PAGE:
What is the difference between giving into something and accepting it?
July 21, 2016 9:17 AM   Subscribe

I've been single for a minute. I met somebody that makes me feel good, act happy, and ticks a lot of my boxes. There are, however, a few differences in our world view and life experiences that are deal breakers for me. I can never see myself dating this person, but we have fun. Do I break it off, or continue feeling good and have a breezy time? Snowflakes inside!

Me: I've been single for about a year. My last LTR was extremely emotionally abusive. I took some time to heal up from that. Between then and now I had some casual encounters and some crushes that largely left me wanting, hurt, or generally unfulfilled. I've been married and divorced (previously, previously), and I'm not looking for that again. I want a life partner in crime. I've got a good support network of close friends, lots of interests/hobbies, a somewhat demanding job, and financial independence. I'm at a good place in my life to be dating. I'd like to be dating seriously.

I briefly switched on an old online dating profile, and started chatting with someone pretty neat in the week I was active. We met up. It was good. We kept meeting up. It was great. We text/speak on the phone almost every day. Even when we don't, I don't feel stressed out or anxious. It's all very easy and breezy and just nice.

The good: I like spending time with this person, but I don't feel 'butterflies'. They would be considered very conventionally attractive, but I don't find myself thinking, ever, about their face or body. I don't find myself thinking much about them at all when we're not together or communicating directly. We talk about a lot of things, have a lot of overlapping interests, enjoy many of the same activities, are really quite sexually compatible. They absolutely strike me as being intelligent, fun, interesting, affectionate. Everything's great on paper.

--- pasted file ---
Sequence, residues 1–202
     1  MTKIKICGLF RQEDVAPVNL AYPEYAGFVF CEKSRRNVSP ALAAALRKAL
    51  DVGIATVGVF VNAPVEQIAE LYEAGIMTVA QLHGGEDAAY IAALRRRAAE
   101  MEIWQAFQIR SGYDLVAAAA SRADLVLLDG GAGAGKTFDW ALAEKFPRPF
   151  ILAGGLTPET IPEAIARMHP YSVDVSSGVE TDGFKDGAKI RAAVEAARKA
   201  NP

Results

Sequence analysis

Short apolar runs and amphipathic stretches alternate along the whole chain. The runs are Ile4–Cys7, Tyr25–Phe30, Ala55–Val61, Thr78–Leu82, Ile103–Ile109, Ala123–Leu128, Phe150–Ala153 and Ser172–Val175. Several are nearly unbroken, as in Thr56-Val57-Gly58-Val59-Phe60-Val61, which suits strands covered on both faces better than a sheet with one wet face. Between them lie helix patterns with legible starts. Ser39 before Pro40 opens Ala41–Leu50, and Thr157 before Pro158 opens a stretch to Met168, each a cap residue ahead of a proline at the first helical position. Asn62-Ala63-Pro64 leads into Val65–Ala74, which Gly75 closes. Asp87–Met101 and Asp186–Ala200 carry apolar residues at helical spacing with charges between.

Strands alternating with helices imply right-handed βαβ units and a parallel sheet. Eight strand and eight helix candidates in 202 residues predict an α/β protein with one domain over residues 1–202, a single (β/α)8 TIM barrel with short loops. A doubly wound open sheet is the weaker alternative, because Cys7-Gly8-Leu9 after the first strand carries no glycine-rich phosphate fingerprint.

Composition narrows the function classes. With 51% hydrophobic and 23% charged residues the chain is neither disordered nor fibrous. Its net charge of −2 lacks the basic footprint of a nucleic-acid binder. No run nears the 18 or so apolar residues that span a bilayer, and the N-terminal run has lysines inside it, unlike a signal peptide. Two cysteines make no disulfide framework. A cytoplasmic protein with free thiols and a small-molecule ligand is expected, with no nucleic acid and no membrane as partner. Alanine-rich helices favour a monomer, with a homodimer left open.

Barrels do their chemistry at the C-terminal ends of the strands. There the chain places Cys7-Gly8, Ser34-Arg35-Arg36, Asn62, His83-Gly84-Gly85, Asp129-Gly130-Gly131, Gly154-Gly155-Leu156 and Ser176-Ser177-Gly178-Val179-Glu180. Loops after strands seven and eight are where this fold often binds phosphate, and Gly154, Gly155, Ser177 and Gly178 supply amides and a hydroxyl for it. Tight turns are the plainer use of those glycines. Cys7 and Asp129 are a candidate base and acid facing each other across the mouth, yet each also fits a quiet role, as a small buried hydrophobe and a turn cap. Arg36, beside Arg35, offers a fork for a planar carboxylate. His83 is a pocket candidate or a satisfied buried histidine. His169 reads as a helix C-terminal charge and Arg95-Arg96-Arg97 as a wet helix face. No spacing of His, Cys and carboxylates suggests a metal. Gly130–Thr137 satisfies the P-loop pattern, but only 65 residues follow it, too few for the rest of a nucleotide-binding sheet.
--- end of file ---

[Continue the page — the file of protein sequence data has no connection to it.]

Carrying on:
The bad: They have a few conceptions/philosophies that are absolutely contrary to my own. At the most extreme, it's stuff like 'vaccines cause autism'. At the least, 'I'm definitely going to live past 200 as I practice regular fasting, vegetarianism, take an array of supplements'. They've mentioned more than a few colourful conspiracy and geopolitical theories. Nothing strikes me as being particularly harmful, just a little silly. The conversations are always interesting and intelligent, even if I don't agree. I don't hide my own perceptions or feel the need to. Generally it feels like a bit of youthful lack of perspective with a hippie/anti establishment vibe.

Further to this: They've only held a couple of jobs over their lifetime, the current and longest with their family's business. They still live at home (not uncommon as they're still twenty-something like me). They have no professional or academic qualifications, with no interest in pursuing anything further. I can't imagine their life in five years would be wildly different to their life now.

I don't want to date this person seriously. I can't see myself ever wanting to date them seriously. The lack of butterflies and general nonchalance is one clue. Their rather alternative world view is another. The giant question mark as to where a life with them would realistically lead is yet another. But I like having fun with them, and I love how easy this feels. I genuinely find myself feeling happier because they're in my life, even though I don't want them any closer. Is this ok? Is it sustainable? It wouldn't be the worst thing in the world if like turned to love (though I really don't see that ever happening), but would sticking around to see if it does not be settling in some way?

We haven't had any discussions about status or applied any labels. My perception is that they're pretty keen, but happy to see where the journey takes them.

What's the fairest way to approach this situation and avoid self sabotage?
posted by Vrai to Human Relations (24 answers total) 5 users marked this as a favorite
You want to be dating seriously. You can't see yourself being serious about this person. Dating them, therefore, is not what you want. I would say that you should break it off kindly. Best of luck.
posted by sockermom at 9:26 AM on July 21, 2016 [11 favorites]

Seconding sockermom: if you want to be dating seriously, but don't want to date this person seriously, then don't date this person.

Although if you'd like to be dating seriously, you need to get back on the dating site or take other measures to meet more people. You're not going to find someone you want to date seriously if you're exclusive with this person, casual or not.
posted by headnsouth at 9:34 AM on July 21, 2016 [1 favorite]

What are his goals? Does he want to be dating someone seriously? If so, you are wasting his time as well as your own.
posted by roomthreeseventeen at 9:43 AM on July 21, 2016 [2 favorites]